The Wetumpka Tea Party Inc., along with other groups, is suing the Internal Revenue Service (IRS) for exerting excessive scrutiny on applications for tax-exempt status. Witnesses testified June 4 at a House Ways and Means Committee hearing. The sandal continued with revelations of extravagance at the IRS.
In early 2012, the IRS asked Becky Gerritson of Alabama to provide lists of volunteers and donors in order to complete her application for tax-exempt status for the Wetumpka Tea Party Inc., an organization founded by Gerritson and her husband.
She received a request from the IRS listing 90 different pieces of information, including detailed content of all speeches and the names of speakers who host the group as well as the content of communication with members of any legislative body, including her own congressional representative.
“Government agents made invasive and excessive demands for information they were not entitled to,” Gerritson said to the House Ways and Means Committee.
At first dismayed by the list they were asked to supply, Gerritson and her husband considered withdrawing the application, but they were convinced that the questions were inappropriate and instead sought legal counsel. They and other targeted groups are now suing the IRS.
Speaking at the hearing, Gerritson said, “I am telling my government that you have forgotten your place. … It is not your right to assert an agenda.”
“The post you occupy exists to preserve American liberty,” she added. “You’ve sworn to perform that duty, and you have faltered.”
House Ways and Means is looking deeper into the scope of the IRS’s scrutiny of conservative groups applying for tax-exempt status. Ways and Means Chairman Rep. Dave Camp (R-Mich.) said that he wants to find out when special attention to conservative groups began, who ordered it, and how widespread the targeting became at the IRS.
Six groups spoke Tuesday, including the Wetumpka Tea Party, the Laurens County Tea Party, the San Fernando Valley Patriots, and the Linchpins of Liberty. All are party to the lawsuit against the IRS filed by the American Center for Law and Justice.
The hearing came just one day after the new head of the IRS acknowledged to Congress Monday that American taxpayers no longer trust the IRS amid a growing number of scandals—from the targeting of conservative political groups to lavish spending on employee conferences.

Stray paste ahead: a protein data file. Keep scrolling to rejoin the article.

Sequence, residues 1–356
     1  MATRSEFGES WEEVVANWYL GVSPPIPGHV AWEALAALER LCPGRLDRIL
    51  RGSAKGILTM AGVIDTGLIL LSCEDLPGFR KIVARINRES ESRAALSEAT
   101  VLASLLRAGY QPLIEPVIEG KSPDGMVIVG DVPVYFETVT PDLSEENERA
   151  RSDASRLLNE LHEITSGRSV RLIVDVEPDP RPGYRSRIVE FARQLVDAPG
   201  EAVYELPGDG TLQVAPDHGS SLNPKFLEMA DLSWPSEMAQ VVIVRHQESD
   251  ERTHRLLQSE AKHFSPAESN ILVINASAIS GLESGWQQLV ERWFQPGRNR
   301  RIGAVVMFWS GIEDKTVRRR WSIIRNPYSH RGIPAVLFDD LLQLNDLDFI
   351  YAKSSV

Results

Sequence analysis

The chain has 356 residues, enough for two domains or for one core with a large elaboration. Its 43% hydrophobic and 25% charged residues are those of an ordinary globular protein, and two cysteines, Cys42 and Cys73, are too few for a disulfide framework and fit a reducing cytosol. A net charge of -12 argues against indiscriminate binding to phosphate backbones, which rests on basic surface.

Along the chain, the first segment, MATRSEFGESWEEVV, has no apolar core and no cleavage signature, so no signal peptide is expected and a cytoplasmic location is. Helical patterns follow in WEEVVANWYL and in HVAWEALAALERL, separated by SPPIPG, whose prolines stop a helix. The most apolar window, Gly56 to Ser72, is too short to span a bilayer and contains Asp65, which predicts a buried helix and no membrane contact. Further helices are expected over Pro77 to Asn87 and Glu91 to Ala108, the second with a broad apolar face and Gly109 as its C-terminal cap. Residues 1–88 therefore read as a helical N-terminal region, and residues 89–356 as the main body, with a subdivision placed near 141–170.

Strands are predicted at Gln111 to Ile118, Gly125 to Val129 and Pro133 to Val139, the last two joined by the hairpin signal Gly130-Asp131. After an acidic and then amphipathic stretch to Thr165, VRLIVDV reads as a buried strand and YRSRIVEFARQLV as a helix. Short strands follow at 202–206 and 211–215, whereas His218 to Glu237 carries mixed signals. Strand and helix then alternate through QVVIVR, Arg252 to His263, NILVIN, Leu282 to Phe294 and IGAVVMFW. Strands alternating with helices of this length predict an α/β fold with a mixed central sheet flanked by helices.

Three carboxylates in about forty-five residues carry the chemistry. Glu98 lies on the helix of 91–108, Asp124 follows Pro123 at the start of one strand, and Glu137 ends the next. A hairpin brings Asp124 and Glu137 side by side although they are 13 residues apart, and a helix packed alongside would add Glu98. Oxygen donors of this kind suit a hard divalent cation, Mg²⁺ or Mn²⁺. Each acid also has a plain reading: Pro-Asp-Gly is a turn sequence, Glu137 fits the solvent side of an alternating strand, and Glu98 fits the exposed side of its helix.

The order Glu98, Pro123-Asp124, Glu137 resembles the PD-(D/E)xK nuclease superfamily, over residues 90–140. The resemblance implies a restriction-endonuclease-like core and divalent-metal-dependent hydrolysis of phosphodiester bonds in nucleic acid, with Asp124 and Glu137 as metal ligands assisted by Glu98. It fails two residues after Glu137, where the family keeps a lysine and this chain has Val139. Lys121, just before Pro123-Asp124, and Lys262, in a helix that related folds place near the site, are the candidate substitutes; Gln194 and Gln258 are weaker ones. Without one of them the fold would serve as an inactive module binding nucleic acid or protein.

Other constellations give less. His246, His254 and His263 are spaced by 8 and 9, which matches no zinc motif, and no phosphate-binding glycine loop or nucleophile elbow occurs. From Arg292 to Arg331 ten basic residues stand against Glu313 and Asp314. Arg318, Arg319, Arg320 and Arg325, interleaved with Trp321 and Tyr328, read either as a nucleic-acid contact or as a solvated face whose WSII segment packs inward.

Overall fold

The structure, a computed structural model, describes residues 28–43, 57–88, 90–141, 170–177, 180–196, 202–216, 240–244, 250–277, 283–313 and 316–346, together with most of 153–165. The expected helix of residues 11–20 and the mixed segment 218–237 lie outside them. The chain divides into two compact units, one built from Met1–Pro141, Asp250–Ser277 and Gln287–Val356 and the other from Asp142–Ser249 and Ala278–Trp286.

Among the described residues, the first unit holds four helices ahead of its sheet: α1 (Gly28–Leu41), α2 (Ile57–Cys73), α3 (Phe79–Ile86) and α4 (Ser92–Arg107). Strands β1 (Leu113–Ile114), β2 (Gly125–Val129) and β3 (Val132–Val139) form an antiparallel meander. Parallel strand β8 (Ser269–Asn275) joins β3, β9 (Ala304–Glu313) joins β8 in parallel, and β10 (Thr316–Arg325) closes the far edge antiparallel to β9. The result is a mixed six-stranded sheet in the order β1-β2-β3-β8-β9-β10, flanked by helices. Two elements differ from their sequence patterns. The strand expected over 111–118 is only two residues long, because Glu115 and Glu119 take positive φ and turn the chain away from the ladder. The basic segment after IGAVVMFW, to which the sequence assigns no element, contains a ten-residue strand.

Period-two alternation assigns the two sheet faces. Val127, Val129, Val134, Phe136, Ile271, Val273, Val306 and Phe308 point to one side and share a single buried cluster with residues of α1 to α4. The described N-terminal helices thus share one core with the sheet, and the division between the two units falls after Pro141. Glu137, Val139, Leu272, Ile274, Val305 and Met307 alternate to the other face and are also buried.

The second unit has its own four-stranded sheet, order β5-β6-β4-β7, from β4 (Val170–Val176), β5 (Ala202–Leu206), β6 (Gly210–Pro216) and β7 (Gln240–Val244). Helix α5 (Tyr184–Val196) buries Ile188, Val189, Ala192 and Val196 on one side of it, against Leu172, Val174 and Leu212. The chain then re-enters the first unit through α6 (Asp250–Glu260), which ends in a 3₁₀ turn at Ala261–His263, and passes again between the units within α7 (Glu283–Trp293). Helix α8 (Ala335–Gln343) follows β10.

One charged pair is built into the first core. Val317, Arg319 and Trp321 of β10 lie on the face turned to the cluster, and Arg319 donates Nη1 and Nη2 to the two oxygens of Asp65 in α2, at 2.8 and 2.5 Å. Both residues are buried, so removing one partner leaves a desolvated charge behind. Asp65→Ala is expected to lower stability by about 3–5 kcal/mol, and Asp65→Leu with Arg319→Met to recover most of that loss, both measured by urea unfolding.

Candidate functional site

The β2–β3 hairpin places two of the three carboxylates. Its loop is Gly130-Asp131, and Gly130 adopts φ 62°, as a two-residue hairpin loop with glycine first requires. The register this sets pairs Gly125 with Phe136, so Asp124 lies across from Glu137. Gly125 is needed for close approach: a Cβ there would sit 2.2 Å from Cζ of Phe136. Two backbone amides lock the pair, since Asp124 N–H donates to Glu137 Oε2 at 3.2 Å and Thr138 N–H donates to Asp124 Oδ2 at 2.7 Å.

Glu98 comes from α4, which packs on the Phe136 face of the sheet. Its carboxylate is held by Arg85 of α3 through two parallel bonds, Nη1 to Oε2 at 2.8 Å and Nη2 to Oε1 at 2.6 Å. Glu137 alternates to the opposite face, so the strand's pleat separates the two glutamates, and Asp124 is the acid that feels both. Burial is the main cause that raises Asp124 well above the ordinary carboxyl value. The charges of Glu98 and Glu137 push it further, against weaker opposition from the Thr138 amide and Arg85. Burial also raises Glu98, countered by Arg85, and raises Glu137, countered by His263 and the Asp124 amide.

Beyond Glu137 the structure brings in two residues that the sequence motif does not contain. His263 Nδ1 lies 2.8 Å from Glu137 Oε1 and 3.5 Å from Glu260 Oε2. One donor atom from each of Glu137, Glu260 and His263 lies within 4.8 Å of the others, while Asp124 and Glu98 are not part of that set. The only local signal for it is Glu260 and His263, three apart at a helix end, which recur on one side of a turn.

IRS Acting Commissioner Danny Werfel promised the transparency that has been lacking for several years, as Tea Party groups complained about harassment by the IRS only to be met with denials from the agency.
Werfel has been to Capitol Hill to ask for a big budget increase. President Barack Obama requested a 9 percent increase in IRS spending for the budget year starting in October, in part to help pay for the implementation of the new health care law.
“We will have to think very carefully about how much money to provide to the IRS,” said Rep. Ander Crenshaw (R-Fla.), chairman of the House Appropriations Subcommittee on Financial Services and General Government.
The revelations have prompted investigations by three congressional committees and the Justice Department. Treasury Department Inspector General J. Russell George is also continuing his review.
A new inspector general’s report released June 4 states that the IRS spent $50 million to hold at least 220 conferences for employees between 2010 and 2012.
The conference spending included $4 million for an August 2010 gathering in Anaheim, Calif., for which the agency did not negotiate lower room rates, even though that is standard government practice, according to a statement by the House Oversight and Government Reform Committee.
Werfel has called the conference “an unfortunate vestige from a prior era.”